Get Rich Or Die Tryin'

50 Cent

Interscope Records, 2003

REVIEW BY: Daniel Camp


There are certain injustices in this world that I, an average person, can’t do anything about. I can’t singlehandedly mend the wounds racism has inflicted on my countrymen for generations. I can’t rid the world of misogyny. I can’t end poverty or disease or war. I’m only one man.

But every now and then, there comes an opportunity to right a singular wrong, to make your mark on the world, to be the hero the world needs for that moment. And when, on the 19th anniversary of the release of 50 Cent’s Get Rich Or Die Tryin’, I noticed that the Vault’s only review of that album gave it the wretched grade of D-, I knew my moment had arrived. Because, with all due respect to my colleague Adam Mico and his cogent review, to let that grade be the final word on 50 Cent’s gangsta rap tour de force is an injustice that I have no choice but to remedy.

Get Rich Or Die Tryin’ was, first of all, an absolute juggernaut for the music industry. Selling 872,000 copies in its first week, it would go on to be the bestselling album of 2003 and one of the bestselling rap albums of all time, certified 9x platinum. For months, you could not go anywhere without hearing the familiar beats of “In Da Club” or “Heat.” After years of minor success with mixtapes, Fiddy’s major label debut landed like an atomic bomb, wiping out all competition in its wake.

And along with sales came cultural impact. 50 Cent ranked right alongside Allen Iverson as the face of early 2000s urban culture. The baggy jeans, the sideways baseball cap, the chains, the grimace—50 Cent embodied white America’s greatest fears and black America’s tongue-in-cheek bravado. My suburban parents would have been my_heart_sings_the_harmony_web_ad_alt_250 horrified for me to bring home a copy of Get Rich Or Die Tryin’—and when has that ever been anything but good for popular music? 50 Cent was forbidden fruit.

His success was owed in large part to the lore surrounding his past—his upbringing in the projects, his early days as a crack dealer, and most famously, the story of how he was shot nine times (once through his left cheek) and lived to tell the tale. While some rappers could tell you a good story about life in the hood, Fiddy had the street cred to back it up. His scars were real.

So, with the backing of rap icons like Dr. Dre and Eminem, Get Rich Or Die Tryin’ was 50 Cent’s entry into the professional rap game, his musical autobiography, his forceful declaration of who he was and what he was about. And he left no doubt.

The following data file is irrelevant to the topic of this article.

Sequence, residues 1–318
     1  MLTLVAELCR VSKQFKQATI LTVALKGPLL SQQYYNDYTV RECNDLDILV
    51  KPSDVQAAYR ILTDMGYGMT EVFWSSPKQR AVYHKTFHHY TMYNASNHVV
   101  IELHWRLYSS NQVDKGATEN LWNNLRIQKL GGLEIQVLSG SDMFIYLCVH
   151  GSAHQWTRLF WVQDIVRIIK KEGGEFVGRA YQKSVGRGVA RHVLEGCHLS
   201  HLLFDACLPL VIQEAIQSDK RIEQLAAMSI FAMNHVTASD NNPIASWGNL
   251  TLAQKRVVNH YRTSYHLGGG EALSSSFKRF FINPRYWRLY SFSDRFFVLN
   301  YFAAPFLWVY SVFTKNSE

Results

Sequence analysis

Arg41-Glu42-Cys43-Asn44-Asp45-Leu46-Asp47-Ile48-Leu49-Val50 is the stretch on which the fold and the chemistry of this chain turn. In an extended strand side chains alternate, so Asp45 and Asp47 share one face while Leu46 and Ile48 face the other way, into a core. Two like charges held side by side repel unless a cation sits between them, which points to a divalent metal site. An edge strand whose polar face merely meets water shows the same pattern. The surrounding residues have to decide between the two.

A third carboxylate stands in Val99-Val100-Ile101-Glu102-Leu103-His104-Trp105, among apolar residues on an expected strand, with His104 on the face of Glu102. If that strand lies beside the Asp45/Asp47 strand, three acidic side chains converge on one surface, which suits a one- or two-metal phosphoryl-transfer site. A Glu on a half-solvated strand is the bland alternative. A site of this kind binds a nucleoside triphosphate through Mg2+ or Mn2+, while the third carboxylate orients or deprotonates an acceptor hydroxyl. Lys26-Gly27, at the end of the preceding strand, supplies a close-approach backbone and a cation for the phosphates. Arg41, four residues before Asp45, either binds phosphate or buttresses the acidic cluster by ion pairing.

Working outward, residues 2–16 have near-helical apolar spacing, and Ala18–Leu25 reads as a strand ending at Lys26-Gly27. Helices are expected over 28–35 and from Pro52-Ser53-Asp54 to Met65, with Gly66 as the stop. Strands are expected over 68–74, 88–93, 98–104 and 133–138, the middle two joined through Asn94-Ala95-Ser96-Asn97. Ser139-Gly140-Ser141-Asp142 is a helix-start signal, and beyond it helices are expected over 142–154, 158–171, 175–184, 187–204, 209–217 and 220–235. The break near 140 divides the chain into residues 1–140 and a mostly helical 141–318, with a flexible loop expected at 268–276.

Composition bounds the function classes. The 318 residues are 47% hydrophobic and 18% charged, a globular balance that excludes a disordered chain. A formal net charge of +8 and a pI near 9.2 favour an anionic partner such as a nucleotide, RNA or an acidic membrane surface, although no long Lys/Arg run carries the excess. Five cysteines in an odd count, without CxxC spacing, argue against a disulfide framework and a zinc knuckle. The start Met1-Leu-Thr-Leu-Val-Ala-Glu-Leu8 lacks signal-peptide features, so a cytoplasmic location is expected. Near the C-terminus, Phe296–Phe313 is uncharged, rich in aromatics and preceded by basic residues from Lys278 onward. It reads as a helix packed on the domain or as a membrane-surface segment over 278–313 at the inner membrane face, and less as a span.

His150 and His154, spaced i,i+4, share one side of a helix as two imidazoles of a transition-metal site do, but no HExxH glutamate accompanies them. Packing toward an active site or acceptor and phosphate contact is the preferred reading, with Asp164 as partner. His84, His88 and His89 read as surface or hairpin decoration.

Each song comes at you with the propulsion of a rocket launched grenade—no subtlety, no beating around the bush. Tracks like “What Up Gangsta” and “P.I.M.P.” are all about establishing Fiddy’s gangsta bona fides, making clear from the get-go that he’s the baddest rapper on the planet. It’s a claim perhaps best exhibited in “Many Men (Wish Death),” in which he recounts the efforts his enemies made to kill him—and how he’s still standing.

Speaking of enemies, one of the standout songs, “Back Down,” would go on to become one of the most famous diss tracks of all time, with 50 Cent lyrically laying waste to rival Ja Rule. So devastating is the takedown, spat out over a Dr. Dre beat, that it essentially ended Ja Rule’s career, and certainly the feud between the two. Poor guy never had a chance.

There’s room for fun in the album too, like on megahit “In Da Club,” a bouncy ode to club life, and “High All The Time,” about…well, you can probably guess. Where you imagine 50 Cent rapping most of this album with a sneer on his face, these are the songs where you can envision a real smile—and if not from him, then from you.

But it’s songs like “Patiently Waiting,” which features a killer guest verse from Eminem, “Heat,” whose beat employs gunshots, and the Eminem and Lloyd Banks-backed “Don’t Push Me” that really speak to what this album is all about: menace. In track after track, 50 Cent lays out the case that he is a dangerous MFer—and because of the danger in his voice and the story he has to tell, you believe him.

Is this album musically innovative or lyrically original? Absolutely not—but it’s never trying to be. 50 Cent’s goal in this debut was to come at you like a hurricane, to lay waste with heavy beats and a consistent story and the sheer force of his personality. Carrying the same voyeuristic power gangsta rap has had since Ice-T and N.W.A. pioneered the genre, 50 Cent took things to new commercial heights with Get Rich Or Die Tryin’, a level rap hasn’t achieved since, and he did it with the same two things all successful rappers have used: a great story and a great beat. Dismiss him at your own peril.

Rating: A-

User Rating: F



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